City 2.0 : Community-based design

A public policy lesson based on design thinking that takes it to the streets. Literally.

Photo of Maggie Favretti
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We are in our third iteration of City 2.0, a public policy class for seniors which applies DT mindsets and skills to real world problems.  We use our Skills and Mindsets Rubric to help us evaluate our students' progress throughout the year, and students frequently reflect together and independently about their growth within the design process.  Pitches are given to classmates, but also to stakeholders, press, and collaborators from the world outside the class.

The opening project, the Redesign of Everyday Things, is meant to instill the skills and open mindsets needed to move on through the more complex challenges of the year.  Then we take our "toolbox" to New York City,  where we meet up with community-based designers and local community groups who are engaged in improving their communities.  We listen, observe, come to know the community, and then make ourselves useful.  This year, we will work with park friends groups, block associations, churches, senior centers, community centers, and school governments.  We have partnered with NGOs such as the Harlem Arts Alliance and the Jazz Foundation of America, and the city government itself.   We help student groups use design thinking to decide what community projects they would like to do, and participate alongside them.  We attend Community Board meetings and help design pitches in support of community projects.  We help with Participatory Budgeting and community visioning.  In class, students identify issues they need to know more about (public schools? poverty? race? aging? housing? safety?) and pursue background reading, bring in guest speakers, and do data research.  We reflect on each others' frustrations and progress.  Their final presentation for this unit is anything but final (students are expected to contribute in less extensive but still purposeful ways throughout the year); they will update their home community on the urban improvements they have helped to bring about, reflect on the process, and plan out the follow through.

Finally, after a storm crisis management simulation set in nearby New York City we apply all we've learned about climate change, communities, governments, and the economy in combination with our STEAM disciplinary knowledge to envision what our city infrastructures might look like in the 22nd century, and redesign some part of them.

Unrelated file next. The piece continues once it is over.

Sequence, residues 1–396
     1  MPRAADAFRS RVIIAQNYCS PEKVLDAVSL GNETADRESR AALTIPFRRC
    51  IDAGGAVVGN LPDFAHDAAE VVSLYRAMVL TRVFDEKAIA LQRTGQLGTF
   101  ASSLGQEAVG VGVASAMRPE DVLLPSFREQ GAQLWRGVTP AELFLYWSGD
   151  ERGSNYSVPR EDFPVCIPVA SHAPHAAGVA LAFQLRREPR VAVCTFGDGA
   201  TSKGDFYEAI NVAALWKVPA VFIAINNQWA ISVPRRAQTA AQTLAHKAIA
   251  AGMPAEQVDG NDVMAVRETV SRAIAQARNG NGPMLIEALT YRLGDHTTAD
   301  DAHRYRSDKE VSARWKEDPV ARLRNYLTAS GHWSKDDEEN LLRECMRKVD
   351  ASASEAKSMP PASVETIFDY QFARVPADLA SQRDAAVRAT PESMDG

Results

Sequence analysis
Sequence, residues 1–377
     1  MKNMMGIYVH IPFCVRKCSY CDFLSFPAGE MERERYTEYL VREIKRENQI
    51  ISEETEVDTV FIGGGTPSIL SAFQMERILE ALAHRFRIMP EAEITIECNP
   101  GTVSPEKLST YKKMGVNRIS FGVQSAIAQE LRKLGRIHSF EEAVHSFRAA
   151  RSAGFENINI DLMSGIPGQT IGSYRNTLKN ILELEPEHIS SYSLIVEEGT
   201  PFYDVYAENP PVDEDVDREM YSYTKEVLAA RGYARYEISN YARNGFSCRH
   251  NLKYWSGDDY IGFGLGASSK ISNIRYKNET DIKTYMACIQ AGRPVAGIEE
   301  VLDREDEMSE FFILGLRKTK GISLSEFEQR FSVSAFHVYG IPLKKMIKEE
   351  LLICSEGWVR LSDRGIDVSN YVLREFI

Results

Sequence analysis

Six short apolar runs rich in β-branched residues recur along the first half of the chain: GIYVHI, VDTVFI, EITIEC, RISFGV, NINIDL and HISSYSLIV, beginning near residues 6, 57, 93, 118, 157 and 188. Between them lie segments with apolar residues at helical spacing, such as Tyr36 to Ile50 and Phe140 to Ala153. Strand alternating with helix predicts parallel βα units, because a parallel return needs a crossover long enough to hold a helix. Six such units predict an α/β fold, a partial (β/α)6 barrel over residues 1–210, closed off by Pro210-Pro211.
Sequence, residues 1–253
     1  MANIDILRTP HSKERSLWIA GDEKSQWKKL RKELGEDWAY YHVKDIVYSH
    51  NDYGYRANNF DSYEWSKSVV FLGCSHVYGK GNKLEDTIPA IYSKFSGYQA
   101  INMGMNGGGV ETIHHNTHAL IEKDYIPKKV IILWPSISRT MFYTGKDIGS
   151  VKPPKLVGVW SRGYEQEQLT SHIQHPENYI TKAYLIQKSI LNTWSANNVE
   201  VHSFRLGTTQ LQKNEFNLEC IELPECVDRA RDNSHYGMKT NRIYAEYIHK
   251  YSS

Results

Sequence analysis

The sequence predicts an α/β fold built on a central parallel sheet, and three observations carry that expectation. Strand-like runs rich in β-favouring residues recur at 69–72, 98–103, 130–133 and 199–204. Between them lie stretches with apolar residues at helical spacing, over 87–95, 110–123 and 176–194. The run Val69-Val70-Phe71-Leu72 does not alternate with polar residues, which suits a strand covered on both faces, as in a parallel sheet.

As a teacher in her third year of real community-based design, I have learned a tremendous amount about how hard it is to facilitate genuine experiences...across racial and class divides, in communities where we are the outsiders, and with busy people who have a lot of other things on their plates.  And what do you do in the classroom day-to-day?  But what a reward! Students feel empowered by their own creativity and their newly-developed abilities to get things done.  The relationships they build in the City, and the awe of their own impact have lasting effects...on their confidence, world perspective, and habits of mind and action.  I hope to build a solid system of support for teachers who would like to try taking DT to the streets!

Check out our Google Doc:

Check out the Skills and Wills Rubric:

Check out the pitch video on Youtube:

Evaluation results

3 evaluations so far

1. Do you love this idea?

Yes! I love this idea! - 100%

Inspired by (1)

The West Wing


Join the conversation:

Photo of Paula Marra

Maggie I absolutely LOVE City 2.0 Would be awesome to see this happening at many different schools. I would love to work with you on this. How do you feel about that? We could start a google doc. Cheers, Paula

Photo of Maggie Favretti

I would be happy to share, and am prepared to be the chief spokesperson and explainer.  If folks want me to come to their schools, I can do that, too, depending on how serious they are about it.  What did you have in mind for a google doc?